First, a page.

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When you act out sexually, are you ever really happy? Maybe? What if you think of happiness as before, during AND after? I worked with a return client recently who had completely stopped his sexual addictive behavior and when I asked him what the difference was for him this time around in treatment, he reflected and shared this revelation with me: “I recognize now that how I feel afterwards is very important to me.”
Sounds so simple and profound but a lot of work went into this shift of thinking and behaving for my client. In short, he had to rewire the reward systems in his brain…and, no, not surgically! He and many of us need to really examine the age-old question, “what makes me happy?” The addictive part of our personality will tell us that grabbing the immediate high of acting out sexually is the answer but to echo my client’s experience…how do you feel afterwards? Was acting out mere fool’s gold?
Do yourself a tremendous favor and watch an amazing TED talk on the study on happiness. It does not address sex addiction but rather what research finds is essential to happiness and positive human development. In short, being socially connected to loved ones and community proves necessary in order to enjoy a good life.
Now connect that to your sexual compulsive behavior. Notice if you feel connected to not only others but yourself too when you begin the ritual that is your acting out behavior. Are you happy? Perhaps acting out is somehow trying to fill that void? What’s lacking?
Another article on the secret to happiness speaks to the science of having a positive attitude towards life and the numerous benefits happiness brings to your day-to-day. Happiness precedes success rather than the result of being successful. But what if you are not “naturally” happy…is it possible to retrain your brain? Yes! And by doing so, you can become more motivated, creative and productive, as well as better at handling unplanned life events and rebounding from failure or tragedy…and even addiction.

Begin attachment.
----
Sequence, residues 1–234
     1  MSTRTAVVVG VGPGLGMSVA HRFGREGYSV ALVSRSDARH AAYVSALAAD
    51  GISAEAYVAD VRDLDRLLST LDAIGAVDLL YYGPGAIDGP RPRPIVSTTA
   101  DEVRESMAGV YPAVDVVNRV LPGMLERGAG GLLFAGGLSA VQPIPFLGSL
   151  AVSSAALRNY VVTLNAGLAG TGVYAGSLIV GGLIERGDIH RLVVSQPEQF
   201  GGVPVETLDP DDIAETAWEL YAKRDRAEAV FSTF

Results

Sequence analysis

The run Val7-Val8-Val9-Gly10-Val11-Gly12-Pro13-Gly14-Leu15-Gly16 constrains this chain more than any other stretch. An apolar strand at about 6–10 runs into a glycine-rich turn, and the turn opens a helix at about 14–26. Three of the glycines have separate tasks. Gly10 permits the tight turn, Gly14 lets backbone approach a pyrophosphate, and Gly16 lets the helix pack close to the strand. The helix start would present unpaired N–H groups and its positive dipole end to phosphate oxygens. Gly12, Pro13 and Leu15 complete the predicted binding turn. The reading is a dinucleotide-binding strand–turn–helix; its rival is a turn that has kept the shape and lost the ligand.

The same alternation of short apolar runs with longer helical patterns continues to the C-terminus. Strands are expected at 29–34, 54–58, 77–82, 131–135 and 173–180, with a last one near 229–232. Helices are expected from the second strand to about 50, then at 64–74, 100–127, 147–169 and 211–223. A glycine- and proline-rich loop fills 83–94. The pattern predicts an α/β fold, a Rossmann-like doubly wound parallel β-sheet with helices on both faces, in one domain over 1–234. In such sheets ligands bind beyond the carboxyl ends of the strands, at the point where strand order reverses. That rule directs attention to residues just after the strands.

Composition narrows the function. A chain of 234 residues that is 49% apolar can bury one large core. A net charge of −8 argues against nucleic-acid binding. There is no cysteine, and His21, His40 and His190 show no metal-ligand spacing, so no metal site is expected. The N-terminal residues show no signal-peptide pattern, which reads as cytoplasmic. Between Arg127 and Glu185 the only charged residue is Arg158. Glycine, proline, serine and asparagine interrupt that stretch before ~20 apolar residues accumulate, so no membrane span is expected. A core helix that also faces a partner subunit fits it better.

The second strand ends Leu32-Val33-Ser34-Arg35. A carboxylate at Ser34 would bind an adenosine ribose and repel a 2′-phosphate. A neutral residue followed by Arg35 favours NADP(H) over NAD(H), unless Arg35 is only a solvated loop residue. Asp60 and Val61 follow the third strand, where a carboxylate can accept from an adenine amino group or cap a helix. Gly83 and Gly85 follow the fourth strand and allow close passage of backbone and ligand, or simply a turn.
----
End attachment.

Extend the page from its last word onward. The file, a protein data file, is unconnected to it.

Practicing happiness is rather subjective and a vast subject. Still, here are a few suggestions from both research and my experience working with clients.
So, back to the original question—when you act out sexually, are you really happy? Chances are no. Acting out sexually serves as a coping strategy, a method to deal with unmet feelings and experiences. For those who have struggles with compulsive sexual behavior, you will likely notice that you have been “practicing” this coping mechanism since you were young.
Much like a business, it’s beneficial and necessary to do some type of quality control. If you’re triggered or just finishes acting out and feeling lousy about yourself, what did you miss? What was lacking? Can you follow the threads and determine how you got to this place? Think about the thread of happiness and whether you were really unhappy when you started the ritual of misbehaving. Another blog I wrote may be of help to you in investigating this process.
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I'm a male mid twenties, very humble yet outgoing personality who loves people a little too much I guess.
I ruined my relationship and future marriage with my ex fiancée 2 years ago after the trust went out the window due to my constant sexual desires and actions towards other women.
I recently had another relationship that had blossomed and was traveling towards the Alter too you know? I was very invested in it, yet as before I couldn't stop looking and searching, when said lover wasn't around, for sexual intimacy. It became more addictive whenever I could tell we weren't going to have sex.
I'm so lost and I loved both of these women, at different times of course, but head heart and soul I believed. I still do. I know what I'm doing is wrong. Yet I act. I have a problem. I'm so scared and depressed that I'll never get to have a good relationship with how much sex I've experienced and how attached I am to it.
Please help me.
Marcus, Get ahold of my book, "Breaking the Cycle." It will be a big help. You can get it at Barnes and Noble stores or amazon.com. Give me a call if you'd like to talk.
Best, George Collins, Director
(925) 932 0201
I'm a woman and I've become hooked on porn and masturbate but this had occurred since my husband has stopped being sexual with me, and it is very frustrating. Exercise helps but then I'm done and have idle time.
I would ask you if you are able to talk to your husband about your sex life and maybe consider some counseling for your marriage. I understand your frustration but need to tell you that being hooked on porn does not bring you happiness and will only end up turning you into a sex addict and I know from your comment that you don't want this. So how about seeking some counseling for yourself. You do need to take care of yourself. check out the info and blogs on our website here. We are here to help.
Give me a call.